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Re: [Full-disclosure] We're now paying up to $20, 000 for web vulns in our services
From: Charles Morris <cmorris () cs odu edu>
Date: Tue, 24 Apr 2012 11:28:29 -0400

On Tue, Apr 24, 2012 at 11:13 AM, Michal Zalewski <lcamtuf () coredump cx> wrote:
IMHO, anyone who willingly, knowingly places customer data at risk by inviting attacks on their production systems 
is playing a very dangerous game. There is no guarantee that a vuln discovered by a truly honest researcher couldn't 
become a weapon for the dishonest "researcher" through secondary discovery

I'm not sure I follow. Are you saying that the dishonest researcher
will not try to find vulnerabilities if there is no reward program for
the honest ones?

/mz


I'm not sure what he means either, however I know that many
organizations treat security patches to the same lifecycle as
features,
which means sometimes upwards of a year of testing- thus giving a huge
window for secondary discovery; whereas a vuln exploited in-the-wild
generally has a much faster patch. Still I'm not sure how this fact is
relevant, if it is at all. Perhaps if the adversary sees the vuln in
unencrypted email
between researcher and organization and then uses it silently making
sure not to alert anyone? Not sure, but I digress.

I don't know who believes that they are "owed" anything in this
manner, and I agree with you, Jim, on that point.

However, my main complaint is that businesses should either not pay
anything at all (perhaps 1$ as a token of gratitude, some swag or some
such),
or at least make a real effort. Finding a code execution vuln in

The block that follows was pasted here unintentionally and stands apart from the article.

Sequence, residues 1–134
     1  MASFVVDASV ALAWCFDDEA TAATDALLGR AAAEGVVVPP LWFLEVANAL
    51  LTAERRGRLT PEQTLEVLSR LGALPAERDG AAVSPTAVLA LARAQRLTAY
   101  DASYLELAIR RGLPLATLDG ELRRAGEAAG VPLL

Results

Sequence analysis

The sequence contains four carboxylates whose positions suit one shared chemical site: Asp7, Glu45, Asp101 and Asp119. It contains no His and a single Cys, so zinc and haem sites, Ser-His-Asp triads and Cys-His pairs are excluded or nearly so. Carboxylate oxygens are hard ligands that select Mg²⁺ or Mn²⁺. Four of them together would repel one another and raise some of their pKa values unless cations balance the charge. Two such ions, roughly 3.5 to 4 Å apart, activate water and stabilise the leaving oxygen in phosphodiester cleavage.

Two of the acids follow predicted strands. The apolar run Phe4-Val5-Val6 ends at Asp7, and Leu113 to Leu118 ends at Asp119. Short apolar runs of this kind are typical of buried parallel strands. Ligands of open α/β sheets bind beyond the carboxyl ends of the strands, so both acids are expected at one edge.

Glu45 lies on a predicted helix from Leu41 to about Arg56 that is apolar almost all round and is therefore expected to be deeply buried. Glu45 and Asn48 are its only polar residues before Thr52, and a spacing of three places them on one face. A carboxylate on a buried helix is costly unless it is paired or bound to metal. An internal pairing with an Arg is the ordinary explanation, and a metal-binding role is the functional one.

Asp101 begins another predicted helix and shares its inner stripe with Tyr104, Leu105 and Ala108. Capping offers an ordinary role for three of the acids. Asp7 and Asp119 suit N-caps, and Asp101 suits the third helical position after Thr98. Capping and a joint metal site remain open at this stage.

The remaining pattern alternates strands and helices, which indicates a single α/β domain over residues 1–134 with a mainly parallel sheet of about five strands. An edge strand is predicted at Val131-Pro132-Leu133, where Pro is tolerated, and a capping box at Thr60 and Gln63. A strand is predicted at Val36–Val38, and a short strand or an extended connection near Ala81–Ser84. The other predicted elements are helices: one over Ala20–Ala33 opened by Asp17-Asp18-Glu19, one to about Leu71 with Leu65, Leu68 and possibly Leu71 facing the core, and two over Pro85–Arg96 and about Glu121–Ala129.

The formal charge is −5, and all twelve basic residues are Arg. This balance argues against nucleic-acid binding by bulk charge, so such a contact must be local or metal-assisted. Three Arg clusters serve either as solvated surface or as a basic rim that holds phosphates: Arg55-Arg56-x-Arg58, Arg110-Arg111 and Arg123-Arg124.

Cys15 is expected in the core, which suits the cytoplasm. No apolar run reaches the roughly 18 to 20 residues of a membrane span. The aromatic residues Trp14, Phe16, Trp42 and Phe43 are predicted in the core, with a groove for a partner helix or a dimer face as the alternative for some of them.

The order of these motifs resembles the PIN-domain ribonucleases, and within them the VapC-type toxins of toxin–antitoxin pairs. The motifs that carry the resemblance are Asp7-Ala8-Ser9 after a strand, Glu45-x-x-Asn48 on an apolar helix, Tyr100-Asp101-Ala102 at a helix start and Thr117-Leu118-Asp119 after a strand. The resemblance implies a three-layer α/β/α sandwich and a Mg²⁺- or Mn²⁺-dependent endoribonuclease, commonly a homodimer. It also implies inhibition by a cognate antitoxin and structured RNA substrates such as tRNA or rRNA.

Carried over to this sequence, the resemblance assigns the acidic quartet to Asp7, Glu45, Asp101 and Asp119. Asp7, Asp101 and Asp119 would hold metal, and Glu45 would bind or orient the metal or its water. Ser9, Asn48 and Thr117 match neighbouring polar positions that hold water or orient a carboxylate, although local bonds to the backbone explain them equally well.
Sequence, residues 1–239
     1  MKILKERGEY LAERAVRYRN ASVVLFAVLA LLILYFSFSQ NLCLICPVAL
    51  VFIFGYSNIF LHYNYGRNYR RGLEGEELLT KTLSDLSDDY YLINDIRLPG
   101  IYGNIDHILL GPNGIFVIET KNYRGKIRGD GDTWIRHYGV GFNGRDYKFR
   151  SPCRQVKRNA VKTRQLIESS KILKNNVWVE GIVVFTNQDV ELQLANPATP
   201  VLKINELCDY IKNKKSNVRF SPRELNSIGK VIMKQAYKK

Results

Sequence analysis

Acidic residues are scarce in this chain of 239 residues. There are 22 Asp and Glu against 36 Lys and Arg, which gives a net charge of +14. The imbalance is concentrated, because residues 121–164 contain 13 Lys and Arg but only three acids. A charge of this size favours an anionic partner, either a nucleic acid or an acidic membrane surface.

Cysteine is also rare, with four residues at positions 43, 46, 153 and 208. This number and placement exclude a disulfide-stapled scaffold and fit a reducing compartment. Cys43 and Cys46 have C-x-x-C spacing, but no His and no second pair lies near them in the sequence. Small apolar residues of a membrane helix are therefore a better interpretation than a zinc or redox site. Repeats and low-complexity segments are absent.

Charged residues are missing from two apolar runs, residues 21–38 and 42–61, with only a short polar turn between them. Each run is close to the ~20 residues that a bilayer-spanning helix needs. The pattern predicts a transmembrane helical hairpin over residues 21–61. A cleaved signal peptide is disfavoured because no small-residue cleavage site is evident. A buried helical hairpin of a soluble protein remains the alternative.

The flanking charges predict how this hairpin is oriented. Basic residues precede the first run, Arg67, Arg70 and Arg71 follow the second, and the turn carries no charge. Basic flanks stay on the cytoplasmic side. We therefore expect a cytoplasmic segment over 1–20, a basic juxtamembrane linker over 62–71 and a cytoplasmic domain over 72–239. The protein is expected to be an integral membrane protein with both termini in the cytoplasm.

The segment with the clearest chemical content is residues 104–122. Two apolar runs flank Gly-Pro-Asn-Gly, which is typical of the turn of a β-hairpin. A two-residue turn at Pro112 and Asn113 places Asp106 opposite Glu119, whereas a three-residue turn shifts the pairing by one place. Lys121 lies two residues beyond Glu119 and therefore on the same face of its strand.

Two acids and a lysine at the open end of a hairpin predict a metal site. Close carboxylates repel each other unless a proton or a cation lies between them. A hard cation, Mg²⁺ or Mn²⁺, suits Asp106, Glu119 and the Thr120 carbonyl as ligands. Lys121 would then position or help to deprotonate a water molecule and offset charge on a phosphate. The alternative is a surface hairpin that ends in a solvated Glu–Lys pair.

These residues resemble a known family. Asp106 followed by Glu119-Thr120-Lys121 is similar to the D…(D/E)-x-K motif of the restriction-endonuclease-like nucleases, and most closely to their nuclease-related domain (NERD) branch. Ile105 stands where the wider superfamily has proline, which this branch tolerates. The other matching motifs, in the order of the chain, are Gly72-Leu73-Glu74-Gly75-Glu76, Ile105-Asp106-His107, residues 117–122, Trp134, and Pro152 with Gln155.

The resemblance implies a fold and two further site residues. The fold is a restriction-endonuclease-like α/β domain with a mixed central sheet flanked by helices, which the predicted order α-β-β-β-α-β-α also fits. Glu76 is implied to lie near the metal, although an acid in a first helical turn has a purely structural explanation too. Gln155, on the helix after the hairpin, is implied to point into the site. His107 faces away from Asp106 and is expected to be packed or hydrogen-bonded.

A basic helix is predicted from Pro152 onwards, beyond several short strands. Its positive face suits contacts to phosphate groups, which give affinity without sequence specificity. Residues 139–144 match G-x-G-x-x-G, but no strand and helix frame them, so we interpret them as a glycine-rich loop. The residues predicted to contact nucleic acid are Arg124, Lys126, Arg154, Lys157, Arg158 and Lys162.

google's whatever app-of-the-day is non-trivial task that requires
researchers
to learn a completely new landscape. I would expect Google, of all
"people", to pay 10x to 100x this amount for this sort of thing..
A you-only-get-it-when-successful 20,000$ budget from Google is
insulting, considering the perhaps massive time investment from the
researcher.

There is zero ability to make an argument that such businesses "can't
realistically outcompete all buyers of weaponized exploits" as Michal
has done [ :'( ].
The huge amount of damage that a badguy code executing on google
wallet would cost far more than 2M in damages, repair work, lost
business, and penalties;
and yet they only pay a nice researcher 20 grand? You can't even live
on that. Researchers aren't just kids with no responsibilities, they
have mortgages and families.

Increase the payouts and you not only get good guys doing good things
but you also get bad guys doing good things (even if for the wrong
reasons).

n.b. The fact that badguys take risk when doing their badguy
activities, including selling exploits, makes it even easier to
outcompete the buyers.

Still, this is a huge improvement on what it was if memory serves. A
million thanks to Michal !


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